Broccoli lovers wanted for osteoarthritis trial

Researchers at the universities of Leeds and East Anglia are launching a trial to see whether eating broccoli could help with osteoarthritis.

They will investigate a compound called sulforaphane, which is released when eating cruciferous vegetables such as Brussels sprouts and cabbage, and particularly broccoli.

Having previously shown the benefits in murine models, the team now hope to recruit people from Leeds and Norfolk to take part in the first human trial.

They are looking for people over 50 with knee osteoarthritis, who are in pain, and who like broccoli.

Osteoarthritis is a degenerative disease affecting the hands, feet, spine, hips and knees in particular. More than 8.5 million people in the UK have the condition and the cost to the NHS tops £5 billion each year.

Ageing and obesity are the most common contributors to the condition and there is no cure other than pain relief or joint replacement.

Dr Sarah Kingsbury, from the University of Leeds’ School of Medicine, said: “Not all health interventions require surgery or taking pills. We hope that this trial might reveal a simple dietary choice that can help people with osteoarthritis.”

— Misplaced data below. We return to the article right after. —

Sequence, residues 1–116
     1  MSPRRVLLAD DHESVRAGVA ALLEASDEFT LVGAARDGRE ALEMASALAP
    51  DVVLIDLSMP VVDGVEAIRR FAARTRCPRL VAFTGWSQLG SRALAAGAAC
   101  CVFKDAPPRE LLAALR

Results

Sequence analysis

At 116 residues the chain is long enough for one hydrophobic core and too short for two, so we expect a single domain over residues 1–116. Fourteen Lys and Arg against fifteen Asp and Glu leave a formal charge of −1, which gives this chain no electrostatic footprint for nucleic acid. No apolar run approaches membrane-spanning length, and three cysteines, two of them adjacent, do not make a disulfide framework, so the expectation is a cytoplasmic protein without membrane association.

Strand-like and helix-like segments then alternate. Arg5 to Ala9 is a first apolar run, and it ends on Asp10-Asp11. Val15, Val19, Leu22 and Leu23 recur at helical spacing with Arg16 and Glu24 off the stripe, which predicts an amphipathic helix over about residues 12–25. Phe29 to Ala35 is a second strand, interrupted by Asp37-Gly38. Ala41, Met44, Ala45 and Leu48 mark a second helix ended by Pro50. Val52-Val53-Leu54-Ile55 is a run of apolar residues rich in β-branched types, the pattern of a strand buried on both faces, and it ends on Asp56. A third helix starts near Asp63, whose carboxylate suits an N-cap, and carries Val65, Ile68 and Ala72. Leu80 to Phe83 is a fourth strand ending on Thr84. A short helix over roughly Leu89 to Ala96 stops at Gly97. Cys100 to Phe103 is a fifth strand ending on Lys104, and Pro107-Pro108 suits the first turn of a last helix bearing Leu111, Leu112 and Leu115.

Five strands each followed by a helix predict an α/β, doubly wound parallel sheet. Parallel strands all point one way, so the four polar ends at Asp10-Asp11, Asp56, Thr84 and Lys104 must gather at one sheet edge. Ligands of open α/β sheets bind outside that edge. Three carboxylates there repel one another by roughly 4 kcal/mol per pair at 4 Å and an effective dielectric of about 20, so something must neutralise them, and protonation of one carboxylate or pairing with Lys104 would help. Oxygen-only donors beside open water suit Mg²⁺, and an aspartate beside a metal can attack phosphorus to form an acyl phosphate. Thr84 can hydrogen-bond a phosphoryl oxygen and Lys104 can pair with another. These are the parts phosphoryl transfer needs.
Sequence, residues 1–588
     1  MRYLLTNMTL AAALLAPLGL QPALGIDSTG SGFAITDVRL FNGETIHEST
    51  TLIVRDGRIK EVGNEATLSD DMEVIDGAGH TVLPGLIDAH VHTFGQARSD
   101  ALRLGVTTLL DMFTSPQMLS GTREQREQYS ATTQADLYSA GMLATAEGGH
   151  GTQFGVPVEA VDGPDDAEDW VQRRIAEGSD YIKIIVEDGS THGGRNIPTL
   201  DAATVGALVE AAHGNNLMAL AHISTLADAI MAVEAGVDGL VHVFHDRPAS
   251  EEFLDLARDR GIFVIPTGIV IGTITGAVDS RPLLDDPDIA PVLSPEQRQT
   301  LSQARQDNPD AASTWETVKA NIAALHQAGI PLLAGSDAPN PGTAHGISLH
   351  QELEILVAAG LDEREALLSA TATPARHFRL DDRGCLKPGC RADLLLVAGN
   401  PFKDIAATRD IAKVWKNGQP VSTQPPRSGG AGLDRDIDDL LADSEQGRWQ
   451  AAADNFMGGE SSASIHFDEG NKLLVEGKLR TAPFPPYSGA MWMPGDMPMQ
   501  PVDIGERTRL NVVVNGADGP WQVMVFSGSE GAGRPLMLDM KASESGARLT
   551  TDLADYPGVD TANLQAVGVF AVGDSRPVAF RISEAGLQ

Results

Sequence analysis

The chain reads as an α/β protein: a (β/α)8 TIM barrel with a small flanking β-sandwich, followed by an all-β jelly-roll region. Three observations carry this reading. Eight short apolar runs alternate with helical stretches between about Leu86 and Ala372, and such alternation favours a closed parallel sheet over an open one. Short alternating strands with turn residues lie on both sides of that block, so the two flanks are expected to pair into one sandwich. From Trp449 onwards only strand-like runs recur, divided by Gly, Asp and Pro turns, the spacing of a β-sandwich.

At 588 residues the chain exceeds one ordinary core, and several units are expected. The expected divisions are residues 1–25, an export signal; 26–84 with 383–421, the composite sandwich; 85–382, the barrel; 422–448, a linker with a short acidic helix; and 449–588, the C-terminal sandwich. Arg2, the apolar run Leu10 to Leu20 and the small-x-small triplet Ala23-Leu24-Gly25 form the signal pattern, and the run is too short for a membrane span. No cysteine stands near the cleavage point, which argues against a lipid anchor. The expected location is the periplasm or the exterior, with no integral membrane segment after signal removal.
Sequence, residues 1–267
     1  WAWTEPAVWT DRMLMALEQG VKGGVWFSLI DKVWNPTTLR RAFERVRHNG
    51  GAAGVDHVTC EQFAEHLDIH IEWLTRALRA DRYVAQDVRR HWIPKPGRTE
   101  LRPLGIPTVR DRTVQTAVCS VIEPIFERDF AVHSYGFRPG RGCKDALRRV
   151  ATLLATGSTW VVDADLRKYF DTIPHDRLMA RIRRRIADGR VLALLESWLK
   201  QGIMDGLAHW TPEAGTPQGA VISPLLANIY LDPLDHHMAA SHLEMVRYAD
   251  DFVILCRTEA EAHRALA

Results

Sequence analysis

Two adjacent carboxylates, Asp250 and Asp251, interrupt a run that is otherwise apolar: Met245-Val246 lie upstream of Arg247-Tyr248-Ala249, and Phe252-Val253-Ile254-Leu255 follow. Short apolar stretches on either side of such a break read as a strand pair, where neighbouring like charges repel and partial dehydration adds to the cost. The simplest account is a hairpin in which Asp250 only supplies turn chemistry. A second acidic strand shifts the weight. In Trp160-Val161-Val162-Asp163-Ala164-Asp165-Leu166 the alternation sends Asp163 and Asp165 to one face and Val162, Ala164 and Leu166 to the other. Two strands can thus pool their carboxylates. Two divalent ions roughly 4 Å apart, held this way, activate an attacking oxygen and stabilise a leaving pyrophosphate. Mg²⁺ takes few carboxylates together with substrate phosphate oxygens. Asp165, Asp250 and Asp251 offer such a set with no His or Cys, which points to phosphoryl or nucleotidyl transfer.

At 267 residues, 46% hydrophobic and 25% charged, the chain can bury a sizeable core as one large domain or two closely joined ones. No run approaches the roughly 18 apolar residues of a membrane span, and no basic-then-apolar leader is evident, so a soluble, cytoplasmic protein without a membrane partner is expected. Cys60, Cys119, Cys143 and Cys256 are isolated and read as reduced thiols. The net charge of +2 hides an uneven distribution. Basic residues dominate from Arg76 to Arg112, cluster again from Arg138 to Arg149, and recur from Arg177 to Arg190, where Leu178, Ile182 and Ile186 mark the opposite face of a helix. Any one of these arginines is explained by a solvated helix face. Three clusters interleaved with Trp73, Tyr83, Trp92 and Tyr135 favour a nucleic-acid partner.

The Broccoli In Osteoarthritis (BRIO) trial, funded by Versus Arthritis and Action Arthitis, will investigate whether a broccoli-rich diet improves pain and physical function in osteoarthritis.

Researchers will compare the effects of eating broccoli soup with a soup which doesn’t contain broccoli but looks and tastes the same.

Patients with moderate to severe osteoarthritis will be randomly assigned to either the broccoli or the control soup and will eat this with a meal on four days per week for three months. The team will measure pain and physical function at the start of the trial, at six weeks and at 12 weeks and assess any changes.

Professor Alex MacGregor, from the University of East Anglia’s Norwich Medical School, said: "Osteoarthritis is a major cause of disability. It is a huge health burden but a huge financial burden too, which will get worse in an increasingly ageing and obese population such as ours.

"Although surgery is very successful, it is not really an answer. Once you have osteoarthritis, being able to slow or stop its progress is really important. Prevention would be preferable and changes to lifestyle, like diet, may be the only way to do that.”

Dr Caroline Aylott, head of Research Awards and Translation at Versus Arthritis, said: “Although there are no diets or dietary supplements that will cure arthritis, some research suggests that symptoms can improve by changing your diet. Broccoli is something that is easily available and although more research needs to be done, shows great promise for people with osteoarthritis.”

Anyone interested in taking part should email or call 0113 392 4965. For more information please visit

Further information

For interview requests please contact Simon Moore, Press Officer at the University of Leeds, on 0113 34 38059 or